5 last-minute tips for Medicare enrollmentNews added by Benefits Pro on November 25, 2013
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By Kathryn Mayer

Time is ticking.

People who want to switch their Medicare coverage for 2014 have just a few weeks left in the Medicare annual open enrollment period that ends Dec. 7.

“For the vast majority of the 50 million Medicare beneficiaries, the next few weeks are their main opportunity to make changes to their coverage for 2014,” said Paula Muschler, operations manager of the Allsup Medicare Advisor, a Medicare plan selection service.

“The choices can be overwhelming, but there are practical steps people can take to make sure they have the coverage they need come Jan. 1,” Muschler added.

Here are five last-minute tips for Medicare beneficiaries from Muschler:

Identify and prioritize health care needs and budget. Participants should outline their medical and prescription drug needs for next year, including medications and physicians. Then also examine their expenses for next year and what they would like to pay for health care. “Too often, people focus on comparing their current plan to other plan options rather than focusing first on their needs,” Muschler said.

Compare options under Medicare Advantage. “The first plan decision people need to make is whether they want to use Original Medicare with prescription drug coverage or if they want to use a Medicare Advantage plan,” Muschler said. “If supplemental coverage, or Medigap, is a priority, this also factors into their decision.” Individuals choose Medicare Advantage over Original Medicare for a number of reasons, including costs and coverage options, she said.
Evaluate more than just the premiums when checking costs against budget. Along with premiums, plan co-pays and deductibles can vary. Also, some plans may put restrictions on drug quantities or have preferred pharmacies, all of which can affect how much someone pays out-of-pocket for their health care needs.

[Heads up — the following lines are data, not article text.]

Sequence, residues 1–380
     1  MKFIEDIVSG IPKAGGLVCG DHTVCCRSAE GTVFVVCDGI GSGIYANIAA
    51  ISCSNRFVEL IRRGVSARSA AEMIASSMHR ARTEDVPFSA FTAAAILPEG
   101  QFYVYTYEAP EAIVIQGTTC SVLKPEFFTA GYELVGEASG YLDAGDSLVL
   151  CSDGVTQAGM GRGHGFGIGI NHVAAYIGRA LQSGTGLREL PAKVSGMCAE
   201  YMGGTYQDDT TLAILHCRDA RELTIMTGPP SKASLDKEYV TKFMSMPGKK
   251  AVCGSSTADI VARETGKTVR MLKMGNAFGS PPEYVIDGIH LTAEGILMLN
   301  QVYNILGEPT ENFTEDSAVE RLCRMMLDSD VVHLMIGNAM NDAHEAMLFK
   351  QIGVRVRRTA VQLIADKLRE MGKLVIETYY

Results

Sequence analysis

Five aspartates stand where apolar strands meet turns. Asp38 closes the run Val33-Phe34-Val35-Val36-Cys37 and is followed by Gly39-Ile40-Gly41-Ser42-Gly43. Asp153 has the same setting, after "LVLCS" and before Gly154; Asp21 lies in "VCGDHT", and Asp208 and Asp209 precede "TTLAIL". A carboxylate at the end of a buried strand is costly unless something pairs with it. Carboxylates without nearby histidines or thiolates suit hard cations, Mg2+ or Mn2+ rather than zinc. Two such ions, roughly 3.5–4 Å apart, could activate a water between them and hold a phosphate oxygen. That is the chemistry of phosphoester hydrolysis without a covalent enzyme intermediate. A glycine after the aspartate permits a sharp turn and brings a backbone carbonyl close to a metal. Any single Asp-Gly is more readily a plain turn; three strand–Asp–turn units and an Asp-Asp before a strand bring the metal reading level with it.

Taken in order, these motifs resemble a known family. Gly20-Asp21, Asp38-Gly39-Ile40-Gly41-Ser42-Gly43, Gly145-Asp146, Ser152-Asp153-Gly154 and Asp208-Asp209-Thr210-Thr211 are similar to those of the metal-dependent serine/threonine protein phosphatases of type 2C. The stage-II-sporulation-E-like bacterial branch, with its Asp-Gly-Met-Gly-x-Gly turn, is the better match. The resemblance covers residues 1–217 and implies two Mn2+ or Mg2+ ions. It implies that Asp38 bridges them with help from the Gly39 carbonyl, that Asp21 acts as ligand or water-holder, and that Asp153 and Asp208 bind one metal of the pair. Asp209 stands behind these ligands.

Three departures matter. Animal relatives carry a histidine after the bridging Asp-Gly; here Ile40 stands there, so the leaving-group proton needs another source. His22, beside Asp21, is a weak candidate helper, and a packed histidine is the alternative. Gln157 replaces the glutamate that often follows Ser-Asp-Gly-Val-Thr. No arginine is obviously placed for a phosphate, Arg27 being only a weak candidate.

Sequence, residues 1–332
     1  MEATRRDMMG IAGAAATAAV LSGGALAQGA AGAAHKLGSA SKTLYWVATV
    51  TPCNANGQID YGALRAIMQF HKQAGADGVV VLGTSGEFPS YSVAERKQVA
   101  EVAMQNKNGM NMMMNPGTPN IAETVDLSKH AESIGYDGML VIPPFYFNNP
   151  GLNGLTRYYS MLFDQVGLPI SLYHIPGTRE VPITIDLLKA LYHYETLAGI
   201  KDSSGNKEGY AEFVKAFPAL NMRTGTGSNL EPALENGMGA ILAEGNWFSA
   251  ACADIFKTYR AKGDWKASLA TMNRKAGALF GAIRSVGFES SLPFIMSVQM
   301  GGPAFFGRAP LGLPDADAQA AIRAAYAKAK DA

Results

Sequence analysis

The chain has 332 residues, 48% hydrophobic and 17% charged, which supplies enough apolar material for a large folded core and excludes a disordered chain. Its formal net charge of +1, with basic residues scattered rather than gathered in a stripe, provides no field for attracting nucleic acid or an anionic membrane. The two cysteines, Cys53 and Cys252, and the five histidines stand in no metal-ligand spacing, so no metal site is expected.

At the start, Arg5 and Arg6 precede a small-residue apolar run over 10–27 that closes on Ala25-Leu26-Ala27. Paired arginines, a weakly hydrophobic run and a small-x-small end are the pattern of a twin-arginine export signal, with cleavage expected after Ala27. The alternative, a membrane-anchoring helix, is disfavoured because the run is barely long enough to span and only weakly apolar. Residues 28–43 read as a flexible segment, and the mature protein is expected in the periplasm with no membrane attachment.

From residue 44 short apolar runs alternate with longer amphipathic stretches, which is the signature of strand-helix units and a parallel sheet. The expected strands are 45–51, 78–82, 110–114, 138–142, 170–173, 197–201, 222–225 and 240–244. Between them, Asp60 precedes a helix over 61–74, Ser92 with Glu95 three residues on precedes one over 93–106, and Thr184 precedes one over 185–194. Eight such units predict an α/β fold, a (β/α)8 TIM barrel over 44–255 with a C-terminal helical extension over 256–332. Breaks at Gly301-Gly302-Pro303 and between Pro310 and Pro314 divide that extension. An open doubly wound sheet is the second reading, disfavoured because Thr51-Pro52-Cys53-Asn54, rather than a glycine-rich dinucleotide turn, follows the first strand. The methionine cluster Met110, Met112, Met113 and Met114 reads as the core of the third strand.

“Look at how you are likely to use your coverage,” Muschler said. “Do you go to the doctor frequently and, therefore, your co-pays could add up? Are your medications covered under your plan and what is the co-pay? These factors need to be counted in the cost equation.”

Ask for help. There are actually a lot of unbiased resources available to offer help, Muschler said.

Consider Medicare plan quality ratings and features, but within reason. Medicare gives each plan a rating of one to five stars. A 5-star rating means that Medicare rates the plan as offering excellent quality to its members. The quality rating provides important information, but individuals also need to ensure the plan provides the coverage they need at a price they can afford. For example, a 5-star Medicare Advantage plan may not work for someone if their doctor does not participate in it. A 5-star prescription drug plan may not work well if the medication co-pays are extremely high for the beneficiary. In addition, Medicare does not rate new plans since they don’t have enough information about these plans.

Originally published on BenefitsPro.com
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